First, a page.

and where ρ is the radius of the transmitter. Still further in accordance with a preferred embodiment of the present invention the orientation component of the pose of the moving object is represented by two angles, continuous over time θ′ and φ′, whose relationship with conventional polar coordinates θ and φ is as follows: Still further in accordance with a preferred embodiment of the present invention, in order to avoid singularity, a dynamic offset is described by the following transformation: θ=cos
where θ and φ include the orientation component of the moving object's pose after the dynamic offset, and θ′ and φ include the orientation component of the moving object's pose before the dynamic offset. Still further in accordance with a preferred embodiment of the present invention the non-linear filter employs the following matrices and operations:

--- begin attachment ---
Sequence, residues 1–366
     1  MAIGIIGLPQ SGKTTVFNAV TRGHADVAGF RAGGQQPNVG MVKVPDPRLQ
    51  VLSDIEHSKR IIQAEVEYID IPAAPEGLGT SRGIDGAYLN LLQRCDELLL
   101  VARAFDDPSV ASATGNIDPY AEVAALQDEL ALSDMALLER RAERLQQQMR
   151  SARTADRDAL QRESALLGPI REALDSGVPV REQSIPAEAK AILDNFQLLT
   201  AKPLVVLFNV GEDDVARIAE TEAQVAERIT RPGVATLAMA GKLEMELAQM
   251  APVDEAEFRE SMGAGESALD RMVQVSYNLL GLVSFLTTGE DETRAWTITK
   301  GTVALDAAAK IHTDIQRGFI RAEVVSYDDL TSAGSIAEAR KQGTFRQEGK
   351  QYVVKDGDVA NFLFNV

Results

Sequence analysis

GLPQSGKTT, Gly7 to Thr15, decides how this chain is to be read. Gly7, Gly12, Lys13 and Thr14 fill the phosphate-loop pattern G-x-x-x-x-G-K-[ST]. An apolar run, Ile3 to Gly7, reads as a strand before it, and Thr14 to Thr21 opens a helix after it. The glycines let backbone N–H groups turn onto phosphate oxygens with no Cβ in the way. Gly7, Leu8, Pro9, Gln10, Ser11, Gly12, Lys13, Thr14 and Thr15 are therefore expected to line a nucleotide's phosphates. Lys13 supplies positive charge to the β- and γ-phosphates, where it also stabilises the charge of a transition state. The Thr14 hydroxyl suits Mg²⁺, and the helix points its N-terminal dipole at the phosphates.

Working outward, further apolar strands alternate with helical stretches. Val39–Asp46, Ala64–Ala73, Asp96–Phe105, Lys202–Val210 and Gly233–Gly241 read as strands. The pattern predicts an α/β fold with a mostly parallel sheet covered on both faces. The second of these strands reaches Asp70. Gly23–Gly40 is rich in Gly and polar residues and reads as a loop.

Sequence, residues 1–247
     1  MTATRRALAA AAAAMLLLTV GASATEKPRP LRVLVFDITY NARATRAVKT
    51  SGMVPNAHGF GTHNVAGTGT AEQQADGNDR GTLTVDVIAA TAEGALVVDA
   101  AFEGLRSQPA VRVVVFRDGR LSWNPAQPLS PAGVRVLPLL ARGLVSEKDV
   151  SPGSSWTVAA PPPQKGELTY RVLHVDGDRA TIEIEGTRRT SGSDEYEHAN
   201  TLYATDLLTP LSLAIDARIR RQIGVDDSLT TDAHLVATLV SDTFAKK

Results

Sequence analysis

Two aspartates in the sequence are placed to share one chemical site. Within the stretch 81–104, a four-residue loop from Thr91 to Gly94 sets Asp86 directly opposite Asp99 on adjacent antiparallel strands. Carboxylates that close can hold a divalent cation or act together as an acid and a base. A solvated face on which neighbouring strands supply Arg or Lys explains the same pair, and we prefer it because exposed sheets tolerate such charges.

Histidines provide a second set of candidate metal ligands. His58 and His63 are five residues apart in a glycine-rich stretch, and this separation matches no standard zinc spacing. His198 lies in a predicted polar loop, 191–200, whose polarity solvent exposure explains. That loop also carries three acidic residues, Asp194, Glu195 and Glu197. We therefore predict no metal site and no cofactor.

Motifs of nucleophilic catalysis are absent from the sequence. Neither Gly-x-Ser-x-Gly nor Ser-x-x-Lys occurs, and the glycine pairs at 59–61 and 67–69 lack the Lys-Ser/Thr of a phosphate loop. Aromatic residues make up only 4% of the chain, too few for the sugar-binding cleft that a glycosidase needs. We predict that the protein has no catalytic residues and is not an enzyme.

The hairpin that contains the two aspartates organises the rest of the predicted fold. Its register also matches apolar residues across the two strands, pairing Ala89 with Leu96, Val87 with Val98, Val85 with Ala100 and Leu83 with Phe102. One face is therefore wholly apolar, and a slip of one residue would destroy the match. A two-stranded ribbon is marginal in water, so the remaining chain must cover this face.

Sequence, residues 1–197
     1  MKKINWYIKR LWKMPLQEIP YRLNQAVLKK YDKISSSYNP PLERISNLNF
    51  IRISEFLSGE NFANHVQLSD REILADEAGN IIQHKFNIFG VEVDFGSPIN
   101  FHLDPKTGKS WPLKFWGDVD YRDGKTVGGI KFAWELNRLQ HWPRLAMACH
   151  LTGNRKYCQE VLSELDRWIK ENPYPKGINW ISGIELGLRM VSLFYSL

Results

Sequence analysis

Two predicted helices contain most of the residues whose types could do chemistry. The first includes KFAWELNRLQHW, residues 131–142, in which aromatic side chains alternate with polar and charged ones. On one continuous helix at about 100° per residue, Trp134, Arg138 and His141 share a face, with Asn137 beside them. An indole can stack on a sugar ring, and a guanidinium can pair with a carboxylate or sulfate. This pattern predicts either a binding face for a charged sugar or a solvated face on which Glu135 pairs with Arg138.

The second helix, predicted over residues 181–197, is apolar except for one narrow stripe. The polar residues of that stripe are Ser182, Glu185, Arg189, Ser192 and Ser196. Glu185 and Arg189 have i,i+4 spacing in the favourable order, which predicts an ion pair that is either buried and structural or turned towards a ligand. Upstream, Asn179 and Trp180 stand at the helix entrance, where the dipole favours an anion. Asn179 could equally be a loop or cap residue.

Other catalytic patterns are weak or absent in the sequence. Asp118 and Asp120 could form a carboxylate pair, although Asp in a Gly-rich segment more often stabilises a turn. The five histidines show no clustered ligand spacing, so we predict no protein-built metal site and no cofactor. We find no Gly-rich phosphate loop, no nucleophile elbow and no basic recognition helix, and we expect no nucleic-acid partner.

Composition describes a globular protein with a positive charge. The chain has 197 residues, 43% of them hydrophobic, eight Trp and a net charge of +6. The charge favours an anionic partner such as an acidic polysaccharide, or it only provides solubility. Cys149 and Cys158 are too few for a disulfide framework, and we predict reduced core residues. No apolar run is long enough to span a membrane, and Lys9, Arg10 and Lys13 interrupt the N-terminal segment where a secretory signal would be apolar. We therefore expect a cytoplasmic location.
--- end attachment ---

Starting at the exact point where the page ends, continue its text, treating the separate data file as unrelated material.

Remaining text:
where h is a sensitivity function and ξ is a state vector,
where R
where ζ denotes the magnetic flux measurements taken in the vicinity of the moving object, and